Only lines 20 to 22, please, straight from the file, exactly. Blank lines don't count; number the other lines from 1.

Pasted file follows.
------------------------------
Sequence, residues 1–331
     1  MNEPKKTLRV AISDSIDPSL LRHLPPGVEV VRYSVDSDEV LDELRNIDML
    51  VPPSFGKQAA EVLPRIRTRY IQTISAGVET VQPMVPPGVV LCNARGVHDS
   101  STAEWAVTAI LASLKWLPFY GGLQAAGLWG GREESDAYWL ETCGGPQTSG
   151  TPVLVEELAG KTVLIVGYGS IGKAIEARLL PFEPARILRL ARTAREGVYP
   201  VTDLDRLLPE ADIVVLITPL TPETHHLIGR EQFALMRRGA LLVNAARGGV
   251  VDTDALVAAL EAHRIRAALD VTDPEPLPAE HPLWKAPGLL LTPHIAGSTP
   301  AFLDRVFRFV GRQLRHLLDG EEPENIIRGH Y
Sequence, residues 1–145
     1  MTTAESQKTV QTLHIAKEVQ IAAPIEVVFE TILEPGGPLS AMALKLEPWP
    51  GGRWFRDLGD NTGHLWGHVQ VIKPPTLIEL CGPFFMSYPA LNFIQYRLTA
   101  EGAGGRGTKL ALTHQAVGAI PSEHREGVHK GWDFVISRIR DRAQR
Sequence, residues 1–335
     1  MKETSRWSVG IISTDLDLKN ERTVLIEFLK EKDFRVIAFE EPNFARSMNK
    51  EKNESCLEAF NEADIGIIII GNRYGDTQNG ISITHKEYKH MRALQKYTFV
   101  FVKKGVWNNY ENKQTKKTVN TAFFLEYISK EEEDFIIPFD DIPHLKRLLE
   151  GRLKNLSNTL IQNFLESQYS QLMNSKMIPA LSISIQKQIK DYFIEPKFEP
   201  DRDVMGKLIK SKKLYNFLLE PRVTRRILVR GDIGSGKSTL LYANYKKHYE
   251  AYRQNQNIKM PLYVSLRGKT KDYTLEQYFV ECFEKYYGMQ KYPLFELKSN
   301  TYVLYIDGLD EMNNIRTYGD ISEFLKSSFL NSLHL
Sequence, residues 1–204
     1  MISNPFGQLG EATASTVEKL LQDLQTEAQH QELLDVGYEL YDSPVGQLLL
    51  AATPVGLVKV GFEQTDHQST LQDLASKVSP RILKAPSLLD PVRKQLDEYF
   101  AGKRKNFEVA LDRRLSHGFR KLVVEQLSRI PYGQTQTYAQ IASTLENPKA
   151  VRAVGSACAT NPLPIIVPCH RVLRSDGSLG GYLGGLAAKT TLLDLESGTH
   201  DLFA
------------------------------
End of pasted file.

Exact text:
   301  TYVLYIDGLD EMNNIRTYGD ISEFLKSSFL NSLHL
Sequence, residues 1–204
     1  MISNPFGQLG EATASTVEKL LQDLQTEAQH QELLDVGYEL YDSPVGQLLL